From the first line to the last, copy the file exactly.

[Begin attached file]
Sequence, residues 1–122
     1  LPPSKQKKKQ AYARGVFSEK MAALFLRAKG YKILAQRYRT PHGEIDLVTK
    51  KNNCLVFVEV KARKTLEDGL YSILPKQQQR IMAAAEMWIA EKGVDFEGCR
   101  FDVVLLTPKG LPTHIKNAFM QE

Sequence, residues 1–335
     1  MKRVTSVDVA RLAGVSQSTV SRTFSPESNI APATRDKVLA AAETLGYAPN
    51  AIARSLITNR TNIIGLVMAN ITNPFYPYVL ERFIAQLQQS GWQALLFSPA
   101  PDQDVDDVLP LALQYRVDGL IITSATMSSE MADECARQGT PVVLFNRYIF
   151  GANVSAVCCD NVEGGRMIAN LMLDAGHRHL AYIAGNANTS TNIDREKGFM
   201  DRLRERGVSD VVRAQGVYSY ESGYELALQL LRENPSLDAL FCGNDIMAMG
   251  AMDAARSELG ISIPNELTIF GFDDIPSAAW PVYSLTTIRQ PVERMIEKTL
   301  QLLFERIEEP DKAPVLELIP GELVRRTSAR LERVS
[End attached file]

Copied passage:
Sequence, residues 1–122
     1  LPPSKQKKKQ AYARGVFSEK MAALFLRAKG YKILAQRYRT PHGEIDLVTK
    51  KNNCLVFVEV KARKTLEDGL YSILPKQQQR IMAAAEMWIA EKGVDFEGCR
   101  FDVVLLTPKG LPTHIKNAFM QE

Sequence, residues 1–335
     1  MKRVTSVDVA RLAGVSQSTV SRTFSPESNI APATRDKVLA AAETLGYAPN
    51  AIARSLITNR TNIIGLVMAN ITNPFYPYVL ERFIAQLQQS GWQALLFSPA
   101  PDQDVDDVLP LALQYRVDGL IITSATMSSE MADECARQGT PVVLFNRYIF
   151  GANVSAVCCD NVEGGRMIAN LMLDAGHRHL AYIAGNANTS TNIDREKGFM
   201  DRLRERGVSD VVRAQGVYSY ESGYELALQL LRENPSLDAL FCGNDIMAMG
   251  AMDAARSELG ISIPNELTIF GFDDIPSAAW PVYSLTTIRQ PVERMIEKTL
   301  QLLFERIEEP DKAPVLELIP GELVRRTSAR LERVS